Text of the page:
Healthy Living

What difference do a few extra pounds make?

What difference does our amount of body fat make? Maybe, you are like my friend Brenda who likes her extra 50 pounds of fat. She thinks she looks too old if she loses it. Consider the ABC’s outlined by Dr. Greger. Obesity worsens or causes all these.

Arthritis: obesity increases joint damage, inflammation.

Back pain and Blood pressure: obesity increases cholesterol which clogs arterial blood flow to discs in the spine. Visceral fat around the organs compresses the kidneys increasing blood pressure.

Cancer: thousands of studies link obesity with increased risk of cancer

Diabetes: Obesity is the single most important risk factor for developing type 2.

Encephalopathy or Brain disease: obesity in midlife increases dementia risk by 90%.

Failed fertility: obese men and women are less fertile. We won’t get into “lost penis”. :-O

Gall stones and GERD: obesity is linked to a 700% increased risk for gall stones. GERD, also called “reflux” or “heartburn”, is worse in the obese because excess belly fat pushes the stomach contents up into the esophagus and because the diet is devoid of proper proportions of fiber.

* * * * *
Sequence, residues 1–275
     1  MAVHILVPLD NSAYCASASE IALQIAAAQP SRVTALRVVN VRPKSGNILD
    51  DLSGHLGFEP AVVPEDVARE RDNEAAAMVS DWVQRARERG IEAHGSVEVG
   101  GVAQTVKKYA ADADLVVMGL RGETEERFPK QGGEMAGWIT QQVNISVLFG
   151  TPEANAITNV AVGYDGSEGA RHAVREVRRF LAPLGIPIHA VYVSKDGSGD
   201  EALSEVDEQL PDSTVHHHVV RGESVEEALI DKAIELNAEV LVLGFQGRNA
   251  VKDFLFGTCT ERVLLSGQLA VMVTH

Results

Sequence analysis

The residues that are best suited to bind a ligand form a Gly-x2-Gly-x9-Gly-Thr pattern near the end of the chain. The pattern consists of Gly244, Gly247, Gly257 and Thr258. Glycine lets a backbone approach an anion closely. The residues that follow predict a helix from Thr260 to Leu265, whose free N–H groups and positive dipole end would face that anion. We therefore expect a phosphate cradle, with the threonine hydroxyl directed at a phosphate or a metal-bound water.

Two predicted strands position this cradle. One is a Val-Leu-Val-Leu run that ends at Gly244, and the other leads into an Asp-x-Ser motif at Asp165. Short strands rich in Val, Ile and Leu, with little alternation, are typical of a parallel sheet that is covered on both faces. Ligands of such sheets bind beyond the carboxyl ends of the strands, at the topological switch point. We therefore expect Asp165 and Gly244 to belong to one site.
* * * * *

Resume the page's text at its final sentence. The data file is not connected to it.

Heart disease: studies show that just a 20% weight loss can decrease heart attack risk significantly.

Immunity: our killer cells are severely impaired by obesity, increasing our risk of viral infection as well as cancer.

Jaundice: non-alcoholic fatty liver disease is the most common liver disease on the planet. Obesity raises the risk 80-90%. NAFL disease increases the risk of cirrhosis and liver cancer.

Kidney disease: obesity is one of the strongest risk factors for kidney failure.

Medical spending attributed to obesity is nearly $2,000 per American per year. Companies can pay up to $10,000 more in health care coverage for obese employees compared to their lean co-workers. Dr. Greger writes that the cost of lost productivity and medical expenses are great with obesity but the greatest cost is loss of life from shortened life-span due to obesity. Amen.
No Such Thing as Fat but Fit
Don’t let the absence of negative health markers like high blood pressure, or high blood sugar make you believe you are healthy. Dr. Greger says, followed long enough, overweight but metabolically healthy people have an increased risk of heart disease, fatty liver disease, diabetes, and premature death.
Check back next week for optimal weight and BMI for longevity. 
Until then, make my “Seven-day Salad”. Find it here at 

Kristi Whitley